The Getty Images Copyright Demand Letter – Scam or Legit? We Explain

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Copyright infringement is wrong, and it’s darned easy to do on the Internet. But lots of website proprietors publish images for which they have purchased the right to display the images, often from a stock photo site. So you can imagine their surprise when they get a demand letter from Getty Images, stating that they are guilty of copyright infringement under U.S. Title 17 (the Copyright Act) and that they must provide “payment for the attached demand amount” if they cannot produce a valid license. Is the Getty Images demand letter a scam? Well, not exactly.

As it turns out, Getty Images has been putting the squeeze on small business web publishers for several years now. Their tactic is always the same: send a letter demanding proof of license, and payment (usually about $1000 per image) if such proof of license cannot be produced. They also state that removing the infringing image does not remove the obligation to pay the demanded fee.

Now, it’s absolutely true that one should never (re)publish copyrighted material without a license to do so. But it’s also true that Getty Images has initiated an extremely heavy-handed campaign in which innocent, or at very least unwitting, individuals have been caught up.


 

Here is a typical Getty Images demand letter:

Re: Unauthorized Use of Getty Images Photograph
Reference No (number here in the format of XXXXXXX – YYYYYY)

It has come to our attention that you are using an image (or images) represented by Getty Images for online promotional purposes. We have searched our records and have not found a valid license for the use of the image(s). Attached for your reference is a copy of the image in question and the usage found on your company’s web site.


 

As you may know, use of an image without a valid license is considered copyright infringement in violation of Title 17 U.S.C.S. the Copyright Act. Also attached, is a demand representing a settlement that Getty Images would expect to receive for the unauthorized use of the image(s) should no licenses exist.

The following action must be taken within 14 days of the date of this letter:

If a valid license has been issued for the image(s), and use, please provide license information by emailing licensecompliance@gettyimages.com. This includes the sales order or invoice number of the license purchase. If the image(s) was licensed under an alternate company name (dba) or in the name of a third party, such as an advertising agency, please provide the company name and phone number. The subject line of the email must include your company name and reference number as they appear on the attached settlement demand,

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“If you cannot provide proof that the image(s) has been properly licensed, you must cease and desist use of the image(s).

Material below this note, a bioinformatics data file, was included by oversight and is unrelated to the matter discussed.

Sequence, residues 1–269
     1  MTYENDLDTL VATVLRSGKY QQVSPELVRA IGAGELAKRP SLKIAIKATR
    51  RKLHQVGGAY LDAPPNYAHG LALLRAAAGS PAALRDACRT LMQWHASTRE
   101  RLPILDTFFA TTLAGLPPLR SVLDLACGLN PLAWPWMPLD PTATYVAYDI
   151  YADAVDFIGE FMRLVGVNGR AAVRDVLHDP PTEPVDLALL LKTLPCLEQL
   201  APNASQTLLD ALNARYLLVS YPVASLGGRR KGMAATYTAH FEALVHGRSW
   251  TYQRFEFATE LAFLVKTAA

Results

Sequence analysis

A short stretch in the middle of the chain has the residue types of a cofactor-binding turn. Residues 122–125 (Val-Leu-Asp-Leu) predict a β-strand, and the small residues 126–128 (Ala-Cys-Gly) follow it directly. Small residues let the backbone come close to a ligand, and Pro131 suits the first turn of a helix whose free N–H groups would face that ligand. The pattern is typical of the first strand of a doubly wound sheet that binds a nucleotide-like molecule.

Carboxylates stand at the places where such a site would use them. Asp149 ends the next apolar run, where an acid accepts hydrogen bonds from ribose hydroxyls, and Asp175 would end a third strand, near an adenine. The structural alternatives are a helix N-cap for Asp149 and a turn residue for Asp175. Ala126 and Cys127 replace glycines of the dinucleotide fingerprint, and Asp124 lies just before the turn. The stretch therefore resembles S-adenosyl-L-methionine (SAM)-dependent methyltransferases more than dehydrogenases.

In addition, payment for the attached demand amount must be received within 14 days of the date of this letter. Ceasing use of the image(s) does not eliminate liability for payment of fees due. Payment details are included on the demand, and additional payment information is provided below.

If you desire continued use of the images, please contact our License Compliance team at the number listed below. A new license must be issued for the image(s), or use of the image(s) must cease by {date}.

Please read the attached Frequently Asked Questions (FAQ) for more information related to this matter.

If you do not respond within the timeframe provided, we will presume that you do not intend to do so and will take action accordingly. For questions, or to settle this matter, please contact licensecompliance@gettyimages.com or dial 1-800-972-4170. If you believe you have received this letter in error, please contact us immediately.

Getty Images is committed to investigating licensing infractions not only to protect our interests, but also to protect the interests of the photographers whom we represent. We are committed to protecting the intellectual property rights and livelihood of the artists whose work we license. We must enforce our licensing conditions rigorously and feel that your cooperation regarding this matter should be promptly forthcoming. This letter is without prejudice to Getty Images’ rights and remedies, all of which are expressly reserved.

In an effort to resolve this quickly, Getty Images is offering a one time discount of 15% on this settlement demand if payment is received by {date}.

The total amount due, less the discount is $1,087.04 USD.

Sincerely,

License Compliance Team
Getty Images

So what should you do if you receive such a letter?

Every situation is different, but what we can tell you is that attorney Oscar Michelen has made a point of becoming the go-to expert in these cases, so if you feel like you are needing legal counsel, that would be a good place to start.